Electric cars may get noisier

  @emilyjanefox January 7, 2013: 1:36 PM ET
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When traveling at low speeds, electric and hybrid vehicles don't rely on traditional gas- or diesel-powered engines, which makes it difficult for pedestrians to hear them as they approach.

NEW YORK (CNNMoney)

Your streets may get a little noisier, if the Department of Transportation gets its way.

The DOT's National Highway Traffic Safety Administration proposed new safety standards that set minimum sound requirements for electric and hybrid cars when traveling under 18 miles an hour.

As it stands now, automakers are responsible for setting their own volume levels, which are not regulated.

When traveling at low speeds, electric and hybrid vehicles don't rely on traditional gas- or diesel-powered engines, which makes it difficult for pedestrians to hear them as they approach.

A 2009 NHTSA study found that hybrid electric vehicles were more likely to be involved in pedestrian accidents than regular vehicles.

NHTSA estimates that the proposed regulations would lead to 2,800 fewer pedestrian and bicyclist injuries per model year of hybrid vehicles.

"Safety is our highest priority, and this proposal will help keep everyone using our nation's streets and roadways safe, whether they are motorists, bicyclists or pedestrians, and especially the blind and visually impaired," said Transportation Secretary Ray LaHood.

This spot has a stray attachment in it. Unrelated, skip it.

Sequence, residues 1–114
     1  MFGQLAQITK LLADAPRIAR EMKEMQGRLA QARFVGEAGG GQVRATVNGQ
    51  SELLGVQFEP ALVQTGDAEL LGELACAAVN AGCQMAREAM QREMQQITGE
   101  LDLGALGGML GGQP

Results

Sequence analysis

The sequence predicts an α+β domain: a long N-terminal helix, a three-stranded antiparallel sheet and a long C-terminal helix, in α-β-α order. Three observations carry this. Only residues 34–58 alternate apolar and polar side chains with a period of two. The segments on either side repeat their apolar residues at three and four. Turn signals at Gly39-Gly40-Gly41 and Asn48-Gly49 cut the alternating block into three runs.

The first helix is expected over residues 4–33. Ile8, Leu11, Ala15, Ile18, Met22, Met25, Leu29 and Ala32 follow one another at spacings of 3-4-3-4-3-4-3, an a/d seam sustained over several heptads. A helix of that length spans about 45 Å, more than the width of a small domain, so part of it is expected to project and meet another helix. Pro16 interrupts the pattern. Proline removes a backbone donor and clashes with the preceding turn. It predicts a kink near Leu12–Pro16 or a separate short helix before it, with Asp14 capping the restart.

Related: Toyota reveals self-driving car

The standards would require any electric car to be detectable under a wide array of street noises and background sounds when traveling at low speeds. Auto manufacturers would choose an approved sound or set of sounds for a given make and model of car.

"Our proposal would allow manufacturers the flexibility to design different sounds for different makes and models while still providing an opportunity for pedestrians, bicyclists and the visually impaired to detect and recognize a vehicle and make a decision about whether it is safe to cross the street," said NHTSA administrator David Strickland.

The proposal is being sent to the Federal Register today, and the public will have 60 days to submit comments. To top of page



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